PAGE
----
CQ WW SSB 2018 – After the Contest


First full-time SOAB HP effort since 2015. Back then 10m and 15m were very much in play – ah, the good old days. This year, I knew it would predominately be a 20m and 40m event, and was certainly not disappointed. I’ll summarize the weekend using a classic Clint Eastwood movie title: The Good, the Bad, and the Ugly.

80M and 160M

It was great to hear EU come back on the low bands. 160m and 80m were alive with signals from ES, OM, DL, SP, OK, G, OH, and I. Zone 33/35 were also very active and fairly easy to work. Special mention goes to OK7K, who was a beacon on 160m the entire contest.

The bad part is most couldn’t hear me. Worked OK7K and DR1A on 160m, but heard and didn’t work at least 6 other EU countries. Major bummer.

The ugly part is it was the same scenario on 80m. Heard and tried to work 12 EU stations, but none could hear me despite their signal a true S7 to S9. In hindsight, that was the most disappointing part of the contest. I felt like a SWL. Major bummer times two.


Screenshot of 80M DX Stations

The above picture shows the nice EU opening on 80M Saturday night. I was unassisted, but N1MM+ has a cool feature if you enter the call sign in the entry window, and don’t log it, then spin the dial, the program captures the details so you can go back and work them later. Pretty neat.

What wasn’t so neat, is NONE of those stations could hear me. I never heard any stateside guys calling them either. Strange. Perhaps they were listening in some other direction? Maybe high noise levels were also a factor? Sometimes that’s just the way it goes.


Good signals from EU, JA and the rest of Asia all weekend. Caribbean and SA were loud. Nice JA runs both nights, with Saturday morning being the better of the two.

Unfortunately, no EU runs – bummer. Never heard a peep from northern EU, and very few below 7.100 worked split. Double and triple bummer.

40m was bursting at the seams. I’d classify this as ugly, but obvious. I mean really, where else is the entire world supposed to go when the high bands close early? Oh yeah, and if the U.S. wants to work the world, we all have to basically occupy a space between 7.128 and 7.200 on SSB. What could possibly go wrong?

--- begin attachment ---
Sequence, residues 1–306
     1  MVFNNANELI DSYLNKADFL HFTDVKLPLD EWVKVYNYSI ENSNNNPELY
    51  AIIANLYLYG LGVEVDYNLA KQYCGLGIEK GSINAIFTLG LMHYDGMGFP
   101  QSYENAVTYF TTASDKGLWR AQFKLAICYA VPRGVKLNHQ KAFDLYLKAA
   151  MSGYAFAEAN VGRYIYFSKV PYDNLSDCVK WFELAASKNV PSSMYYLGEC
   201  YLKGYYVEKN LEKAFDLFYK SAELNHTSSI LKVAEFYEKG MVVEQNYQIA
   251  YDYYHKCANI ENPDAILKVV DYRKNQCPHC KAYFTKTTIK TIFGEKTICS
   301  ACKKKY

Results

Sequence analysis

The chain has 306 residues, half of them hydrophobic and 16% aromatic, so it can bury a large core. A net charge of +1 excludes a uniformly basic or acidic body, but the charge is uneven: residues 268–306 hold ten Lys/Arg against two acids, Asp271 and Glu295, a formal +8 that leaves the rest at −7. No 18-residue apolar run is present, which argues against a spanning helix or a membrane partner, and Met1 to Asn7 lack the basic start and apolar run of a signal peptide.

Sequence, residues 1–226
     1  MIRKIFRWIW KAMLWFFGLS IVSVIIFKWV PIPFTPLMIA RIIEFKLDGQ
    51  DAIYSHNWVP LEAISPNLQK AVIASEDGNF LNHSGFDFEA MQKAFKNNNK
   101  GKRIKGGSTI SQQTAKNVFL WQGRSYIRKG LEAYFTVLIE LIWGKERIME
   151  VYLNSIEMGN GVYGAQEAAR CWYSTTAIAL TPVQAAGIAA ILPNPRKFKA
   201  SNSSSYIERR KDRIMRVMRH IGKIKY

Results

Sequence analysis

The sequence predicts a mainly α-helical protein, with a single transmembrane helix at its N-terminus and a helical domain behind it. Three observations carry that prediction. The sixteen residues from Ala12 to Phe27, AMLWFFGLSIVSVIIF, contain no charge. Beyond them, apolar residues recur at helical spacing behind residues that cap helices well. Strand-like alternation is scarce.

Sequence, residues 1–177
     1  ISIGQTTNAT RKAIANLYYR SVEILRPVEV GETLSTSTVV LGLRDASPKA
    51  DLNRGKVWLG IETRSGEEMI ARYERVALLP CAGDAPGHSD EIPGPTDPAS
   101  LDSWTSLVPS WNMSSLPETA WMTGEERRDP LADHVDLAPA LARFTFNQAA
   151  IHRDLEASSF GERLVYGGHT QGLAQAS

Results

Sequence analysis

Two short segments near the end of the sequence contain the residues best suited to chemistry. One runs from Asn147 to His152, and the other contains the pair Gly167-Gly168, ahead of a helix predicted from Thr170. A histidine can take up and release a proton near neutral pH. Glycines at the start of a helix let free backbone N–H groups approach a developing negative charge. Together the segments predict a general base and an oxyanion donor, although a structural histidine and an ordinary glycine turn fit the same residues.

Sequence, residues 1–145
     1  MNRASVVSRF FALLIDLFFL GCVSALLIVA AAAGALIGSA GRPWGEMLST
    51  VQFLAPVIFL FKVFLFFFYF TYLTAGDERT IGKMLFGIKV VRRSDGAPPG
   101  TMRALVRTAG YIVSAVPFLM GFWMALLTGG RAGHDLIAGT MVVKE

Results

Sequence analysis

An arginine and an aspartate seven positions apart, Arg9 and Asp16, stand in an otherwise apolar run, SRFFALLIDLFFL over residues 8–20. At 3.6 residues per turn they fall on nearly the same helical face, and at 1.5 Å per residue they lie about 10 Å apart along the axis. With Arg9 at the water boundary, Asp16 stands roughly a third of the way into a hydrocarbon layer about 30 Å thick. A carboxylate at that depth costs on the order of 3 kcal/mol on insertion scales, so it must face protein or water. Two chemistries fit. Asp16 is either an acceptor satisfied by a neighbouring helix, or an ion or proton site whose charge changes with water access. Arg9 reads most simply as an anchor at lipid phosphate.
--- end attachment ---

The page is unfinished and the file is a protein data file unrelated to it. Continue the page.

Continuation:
10M, 15M and 20M

Felt like any activity on 10m and 15m was a bonus. 15m was surprisingly good compared to how dead it sounded leading up to the contest. Had some short JA runs, which was a plus. Zone 33/35 guys were very strong and D4C was a beacon all weekend on every band (except 10m, right?). 20m featured solid JA and EU runs both days, with Saturday being the better of the two.

Unfortunately, 10m never opened anywhere beyond my backyard. If it did open for 2 nanoseconds, I missed the window. No zone 14 or 15 on 15m, and even though I tried to frequently check, the 20m EU run during the window of opportunity was crazy and required my full attention, so maybe I missed it, but I don’t think so.

Predictably, 20m was a zoo. Ugly SSB splatter was a major issue and forced me to reacquaint myself with every possible filter variation my rig had to offer. Layers of stations on the same frequency or very close by only added to the chaos.


All-in-all, a fun contest with the added challenge of operating during a solar minimum. Thanks to all for the Qs, and everyone that travelled to exotic locations to make it that much more exciting for the rest of us.

73, Mitch, K7RL

3830 Report:

Call: K7RL
Operator(s): K7RL
Station: K7RL

Class: SOAB HP
Operating Time (hrs): 41
Location: USA
Radios: SO2R

Summary:   Compare Scores
Band QSOs Zones Countries
160: 28 9 8
80: 109 19 33
40: 669 29 71
20: 1413 36 118
15: 180 18 40
10: 2 1 2
Total: 2401 112 272 Total Score 2,276,352

Club: Western Washington DX Club


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